Power banks with incorrectly labelled capacities are a major problem in South Africa, especially at the lower end of the market.
There are a number of power banks available to purchase in South Africa which have real capacities much smaller than their stated capacities. For example, a 30,000mAh power bank might only have 8,000mAh of actual capacity.
While it can be difficult to determine this without testing each power bank, there are a number of ways South Africans can avoid these products, according to Mañana Technologies director Abu-Huraira Abdalla.
Mañana Technologies was founded over 10 years ago and provides ICT Consulting for various prominent companies.
The firm has conducted buying, testing, and advisory for many technical products and services over the years, and its customers rely on Mañana Technologies to provide them with expert technical advisory.
MyBroadband spoke to Abdalla about the prevalence of fake power banks in South Africa, as well as how local buyers can spot these incorrectly-labelled products.
“Over the years, we’ve seen many counterfeit products, and we’ve noticed the number of counterfeit power banks being sold through unofficial channels is on the rise,” Abdalla told MyBroadband.
“Most are easy to spot, as they’re likely to have spelling mistakes, poor-quality branding, housing, and/or packaging, or have fake capacities on them that are easy to sniff out.”
Determining whether a power bank is fake requires inspecting the actual cells and comparing it to the product’s labelled capacity, but Abdalla said there are a number of obvious signs which buyers should keep an eye out for.
He said the most obvious signs that a power bank is fake include the following:
- The power bank is too small for its rated capacity.
- The power bank is too light for its rated capacity.
- The power bank is too cheap for its brand or capacity.
With regards to the last point, Abdalla said that brands play an extremely important role in helping to determine the veracity of a power bank.
“Brands play a very important role as various manufacturers conform to various standards, while some brands do not conform to any standards,” Abdalla said.
“Prominent retailers have to comply with NCC regulations, and part of their internal quality control checks is to ensure that the products they sell meet or exceed regulatory specifications such as being marked correctly, having the required certificates of compliance, etc.”
“A trusted retailer, online or otherwise, will do whatever they can to ensure that they don’t sell fake, counterfeit, or incorrectly-marked products,” he said.
He added that it would be best to search for IEC certifications, but South Africa does not require these to be included on the product.
Testing your power bank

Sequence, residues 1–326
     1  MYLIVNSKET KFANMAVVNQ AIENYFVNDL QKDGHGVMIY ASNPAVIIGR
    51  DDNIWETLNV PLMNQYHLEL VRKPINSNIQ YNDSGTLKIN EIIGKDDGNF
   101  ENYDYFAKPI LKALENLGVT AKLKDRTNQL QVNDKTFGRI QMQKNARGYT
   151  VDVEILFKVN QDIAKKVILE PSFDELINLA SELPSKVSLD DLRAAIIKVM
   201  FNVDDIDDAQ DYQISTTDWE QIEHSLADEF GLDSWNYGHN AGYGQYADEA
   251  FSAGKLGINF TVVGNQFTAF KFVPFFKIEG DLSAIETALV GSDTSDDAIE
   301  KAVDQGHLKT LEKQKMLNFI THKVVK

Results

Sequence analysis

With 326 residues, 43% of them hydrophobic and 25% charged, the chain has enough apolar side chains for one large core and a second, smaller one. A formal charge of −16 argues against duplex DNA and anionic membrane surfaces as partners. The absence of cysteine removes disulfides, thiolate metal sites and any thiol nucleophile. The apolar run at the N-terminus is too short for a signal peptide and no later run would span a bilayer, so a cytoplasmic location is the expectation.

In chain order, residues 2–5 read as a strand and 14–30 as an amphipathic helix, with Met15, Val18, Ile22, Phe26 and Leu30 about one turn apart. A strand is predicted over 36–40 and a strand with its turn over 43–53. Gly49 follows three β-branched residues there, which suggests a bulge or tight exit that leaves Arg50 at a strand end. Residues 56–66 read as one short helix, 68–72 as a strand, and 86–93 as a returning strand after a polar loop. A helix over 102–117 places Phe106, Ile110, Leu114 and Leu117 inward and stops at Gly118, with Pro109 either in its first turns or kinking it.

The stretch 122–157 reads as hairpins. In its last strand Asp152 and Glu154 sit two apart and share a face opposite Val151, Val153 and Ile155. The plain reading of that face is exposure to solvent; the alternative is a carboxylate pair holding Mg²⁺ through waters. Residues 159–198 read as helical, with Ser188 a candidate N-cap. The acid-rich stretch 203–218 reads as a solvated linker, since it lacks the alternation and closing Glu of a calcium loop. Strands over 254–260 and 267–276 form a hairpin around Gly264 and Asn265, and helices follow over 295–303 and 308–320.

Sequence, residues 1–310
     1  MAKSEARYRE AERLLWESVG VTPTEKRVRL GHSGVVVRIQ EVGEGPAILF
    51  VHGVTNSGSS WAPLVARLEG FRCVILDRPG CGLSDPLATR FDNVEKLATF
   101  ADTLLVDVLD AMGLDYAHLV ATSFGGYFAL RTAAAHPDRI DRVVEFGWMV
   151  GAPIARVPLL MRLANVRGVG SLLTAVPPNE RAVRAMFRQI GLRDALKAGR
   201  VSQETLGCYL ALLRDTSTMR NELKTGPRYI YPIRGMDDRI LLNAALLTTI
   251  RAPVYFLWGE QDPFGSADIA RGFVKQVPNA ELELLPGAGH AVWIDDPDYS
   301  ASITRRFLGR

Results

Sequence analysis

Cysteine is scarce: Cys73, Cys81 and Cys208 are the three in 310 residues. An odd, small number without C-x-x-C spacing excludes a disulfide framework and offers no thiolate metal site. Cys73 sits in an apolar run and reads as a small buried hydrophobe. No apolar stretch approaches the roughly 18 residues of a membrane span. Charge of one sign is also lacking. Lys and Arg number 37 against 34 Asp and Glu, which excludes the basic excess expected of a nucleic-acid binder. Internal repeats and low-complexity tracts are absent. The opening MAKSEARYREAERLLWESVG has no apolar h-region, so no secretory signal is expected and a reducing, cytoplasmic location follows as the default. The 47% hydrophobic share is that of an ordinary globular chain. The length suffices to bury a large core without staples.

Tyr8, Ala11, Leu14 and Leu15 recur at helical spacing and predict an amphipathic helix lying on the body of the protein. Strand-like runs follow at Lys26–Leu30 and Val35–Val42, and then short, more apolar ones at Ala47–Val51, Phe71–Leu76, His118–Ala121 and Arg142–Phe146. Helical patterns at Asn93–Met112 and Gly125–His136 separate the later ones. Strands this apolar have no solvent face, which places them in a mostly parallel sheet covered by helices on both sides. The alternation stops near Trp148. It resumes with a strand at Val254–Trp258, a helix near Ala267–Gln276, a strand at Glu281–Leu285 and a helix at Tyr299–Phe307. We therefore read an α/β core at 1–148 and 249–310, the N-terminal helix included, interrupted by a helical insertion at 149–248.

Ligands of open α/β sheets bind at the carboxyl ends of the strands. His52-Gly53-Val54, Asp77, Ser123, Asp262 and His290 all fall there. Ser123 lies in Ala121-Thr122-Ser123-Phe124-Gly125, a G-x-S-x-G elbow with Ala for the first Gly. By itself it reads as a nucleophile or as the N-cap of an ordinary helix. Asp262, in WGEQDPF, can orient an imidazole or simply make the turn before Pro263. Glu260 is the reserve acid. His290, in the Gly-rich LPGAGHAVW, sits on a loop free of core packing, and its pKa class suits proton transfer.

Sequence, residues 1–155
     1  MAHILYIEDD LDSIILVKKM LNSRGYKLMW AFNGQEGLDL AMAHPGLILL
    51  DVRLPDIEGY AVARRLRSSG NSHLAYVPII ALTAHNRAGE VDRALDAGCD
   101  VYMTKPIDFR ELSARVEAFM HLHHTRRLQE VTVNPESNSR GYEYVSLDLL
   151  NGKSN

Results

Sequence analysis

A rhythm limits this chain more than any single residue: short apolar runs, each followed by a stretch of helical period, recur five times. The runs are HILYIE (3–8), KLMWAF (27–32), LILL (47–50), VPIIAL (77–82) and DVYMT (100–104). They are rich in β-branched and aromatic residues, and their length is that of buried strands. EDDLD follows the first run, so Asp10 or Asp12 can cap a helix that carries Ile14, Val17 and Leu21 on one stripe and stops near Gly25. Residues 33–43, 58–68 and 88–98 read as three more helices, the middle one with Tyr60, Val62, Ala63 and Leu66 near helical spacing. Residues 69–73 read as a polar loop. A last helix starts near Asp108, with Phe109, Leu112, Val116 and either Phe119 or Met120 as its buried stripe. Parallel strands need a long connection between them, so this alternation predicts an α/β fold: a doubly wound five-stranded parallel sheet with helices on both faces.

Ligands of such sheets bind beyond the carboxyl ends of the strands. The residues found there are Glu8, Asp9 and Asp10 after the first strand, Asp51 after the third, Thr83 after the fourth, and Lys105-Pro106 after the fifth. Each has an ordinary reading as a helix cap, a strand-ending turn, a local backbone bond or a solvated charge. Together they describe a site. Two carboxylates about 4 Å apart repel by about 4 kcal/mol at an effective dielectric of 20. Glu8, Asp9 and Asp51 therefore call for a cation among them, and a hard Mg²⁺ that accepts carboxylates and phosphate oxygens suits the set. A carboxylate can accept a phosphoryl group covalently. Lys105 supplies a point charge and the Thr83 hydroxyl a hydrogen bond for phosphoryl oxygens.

Short of taking your power bank apart, it can be difficult to determine its real capacity.
Abdalla said that tests conducted by his company found that you can usually gauge the rough capacity of a power bank by using it to recharge another device.
“We’ve done some rudimentary tests and what we found was that it is safe to say that a 10,000 mAh power bank will charge an 8,000mAh device – on average, a 20% conversion/utilization loss is normal,” Abdalla said.
“So an easy way is to tell whether your power bank is what it’s supposed to be, is to see how many charges you get out of it, keeping in mind the 20% loss of power (when a power bank is in good condition).”
“For example – if you have a phone with a 2,000mAh battery, you should get 3.5-4 full charges from a 10,000 mAh power bank,” he noted. “If you get under three full charges, something is wrong.”
He added that the power banks they had tested used two types of lithium cells, 18650 cells (which are cylindrical) and pouch cells (which are rectangular).
Noting the sizes and weights of these cell types can be useful in gauging the capacity of a power bank without taking it apart.
“The lightest 10,000mAh power bank using 18650 cells we have come across was 230g, and the lightest 10,000mAh power bank using pouch cells was 200g,” Abdalla said.
“This is a fair benchmark of how to tell if you are getting the correct capacity – a minimum of 50g per 2,500mAh is a safe assumption.”
He added that no 10,000mAh power bank should be smaller than 150 x 74 x 13 mm in volume, as this is the most compact size for this cell on the market right now.
“These power banks feel relatively heavy when lifted, as they are densely packed,” Abdalla said.
“These dimension rules are not always the most reliable means of ascertaining the legitimacy of capacity claims as technologies and designs vary and higher-density batteries should come to market in time to come.”
The methods above might not be 100% accurate, but used together, they should help to protect you from purchasing a fake power bank – especially if its price seems too good to be true.